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Jerry Richardson’s Tarnished Legacy: Under a Cloud, Selling the Team That Made Him an Icon

Seven hours after SI’s story of the Panthers owner’s alleged workplace misconduct broke, it was announced that Richardson would give up the team he built. For the man whose statue stands outside the stadium, it’s about attempting to preserve a long-cultivated image. For Carolina and its fans, the question is who comes next

In July 2016, on the day of his 80th birthday, Jerry Richardson saw his 13-foot statue on a four-foot pedestal unveiled outside Bank of America Stadium. The team’s partners had paid for and commissioned the work by a California sculptor who had done previous work for the Carolina Panthers.

In the statue, Richardson, dressed in a business suit, is standing between two similarly outsized panthers, with a football stretched out. The entire thing weighs 4,500 pounds.

“What we did,” the sculptor told me at the time, “in order to take the emphasis off of Mr. Richardson, we encompassed him with the other panthers so it wouldn’t be uncomfortable for Mr. Richardson to have this out there.”

It was an odd statement then and is an odd statement now. If nothing else, Richardson is a man consumed by his legacy. That legacy was tarnished in the span of a weekend.

After Sports Illustrated’s explosive report Sunday that Richardson engaged in alleged sexual and racial workplace misconduct and made settlements with no fewer than four former employees, the team announced Sunday night that Richardson would begin the process of selling his beloved Panthers once their season concludes.

The statement made no mention of the allegations against Richardson made in the report, and it also ignores the investigation into his behavior that was first initiated clumsily by the team and on Sunday taken over by the NFL. Richardson’s statement is another attempt to memorialize the legacy the 81-year-old wishes to leave even as allegations stare him in the face publicly.

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His money has led his name to be on UNC Charlotte’s football stadium and the brand-new basketball arena at Wofford College, his alma mater. There are two statues in his honor (the other at Wofford), which is rather rare for a living man. His heavy involvement in the 2011 collective bargaining agreement was first about making money and second about his legacy. His team’s success—and his long friendship and partnership with former Bank of America CEO Hugh McColl—has helped shape a New South city. His recent refusals to attend owners’ meetings signal his unwillingness to bend to the league or appear as a weakened owner following his being on the wrong side of a Los Angeles deal years ago. His public image played into why he didn’t want players protesting during the national anthem in his stadium. His legacy is why he stayed in his seat the entire game Sunday.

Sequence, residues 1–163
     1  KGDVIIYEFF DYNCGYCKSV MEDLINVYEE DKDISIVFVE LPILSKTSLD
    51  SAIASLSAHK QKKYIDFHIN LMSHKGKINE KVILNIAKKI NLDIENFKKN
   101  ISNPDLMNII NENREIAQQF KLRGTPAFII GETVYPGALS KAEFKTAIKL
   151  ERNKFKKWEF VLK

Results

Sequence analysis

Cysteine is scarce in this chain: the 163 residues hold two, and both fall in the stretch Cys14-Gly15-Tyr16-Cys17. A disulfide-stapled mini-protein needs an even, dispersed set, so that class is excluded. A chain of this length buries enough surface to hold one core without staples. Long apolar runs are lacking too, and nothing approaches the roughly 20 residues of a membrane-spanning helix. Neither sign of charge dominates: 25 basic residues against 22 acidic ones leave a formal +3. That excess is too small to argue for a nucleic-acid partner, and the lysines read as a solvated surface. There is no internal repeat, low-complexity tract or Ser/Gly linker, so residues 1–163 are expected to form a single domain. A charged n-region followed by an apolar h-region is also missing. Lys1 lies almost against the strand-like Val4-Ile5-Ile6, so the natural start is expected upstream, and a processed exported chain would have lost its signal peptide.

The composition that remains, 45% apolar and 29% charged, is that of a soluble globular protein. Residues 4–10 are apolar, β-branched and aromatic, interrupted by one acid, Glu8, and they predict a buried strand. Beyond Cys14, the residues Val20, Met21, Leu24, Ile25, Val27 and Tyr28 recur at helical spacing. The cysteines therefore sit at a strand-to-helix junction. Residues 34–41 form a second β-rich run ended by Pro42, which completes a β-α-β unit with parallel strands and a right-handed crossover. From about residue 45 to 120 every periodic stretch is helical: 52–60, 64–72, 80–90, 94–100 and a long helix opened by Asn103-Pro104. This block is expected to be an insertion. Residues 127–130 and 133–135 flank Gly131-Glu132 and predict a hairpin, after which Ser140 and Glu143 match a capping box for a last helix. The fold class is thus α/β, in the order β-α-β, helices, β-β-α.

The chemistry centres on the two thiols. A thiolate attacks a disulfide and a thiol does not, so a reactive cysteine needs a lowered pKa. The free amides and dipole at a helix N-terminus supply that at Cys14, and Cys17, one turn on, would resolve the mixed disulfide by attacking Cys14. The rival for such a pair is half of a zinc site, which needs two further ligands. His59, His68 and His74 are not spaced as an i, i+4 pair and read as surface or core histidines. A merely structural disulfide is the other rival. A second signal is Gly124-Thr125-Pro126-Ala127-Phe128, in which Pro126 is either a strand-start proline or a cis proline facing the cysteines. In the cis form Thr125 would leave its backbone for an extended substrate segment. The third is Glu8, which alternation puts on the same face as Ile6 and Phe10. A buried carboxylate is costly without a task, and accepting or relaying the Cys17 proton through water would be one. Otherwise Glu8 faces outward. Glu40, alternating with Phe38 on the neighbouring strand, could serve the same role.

His obsession with his stature went beyond even what was written in SI’s report. When the Panthers introduced Dave Gettleman as their general manager in 2013, Gettleman began retelling a story from his days with the New York Giants. He mentioned a “Jerry” by first name, and to those in attendance it was obvious the reference was to then-Giants GM Jerry Reese. Richardson stopped Gettleman to have him clarify he was talking about Reese and not “Mr. Richardson.”

And so now the Panthers will be up for sale in a city that has no major college team and couldn’t care less about its NBA team. Residents will worry that Charlotte could lose the Panthers under a new owner, despite how unlikely that is. The NFL would never move a team that has sold out every home game since 2002, has made major stadium upgrades in recent years and has a city council deathly afraid of having an unoccupied stadium sitting under its proud skyline.

Buyers with nearly $2 billion to spend will come for this sale. Puff Daddy has tweeted his interest. Michael Jordan, already the owner of one Charlotte team, could conceivably put together a group. Locals like the Levine family (huge Charlotte philanthropists who made their money in the Family Dollar empire) or Bruton and Marcus Smith (the father-son duo who own and operate Speedway Motorsports) are atop the short list of those in the area with deep enough pockets.

It appears there were two options here for Richardson. He could keep the team and fight these claims. In the process of that, though, one possibility is that more allegations could come out and the saga get uglier. The other option was to sell the team—that would have been done within two years of his death anyway—which could potentially stem an investigation and salvage a reputation that took five decades to build.

So in that case for Richardson, maybe the decision was obvious.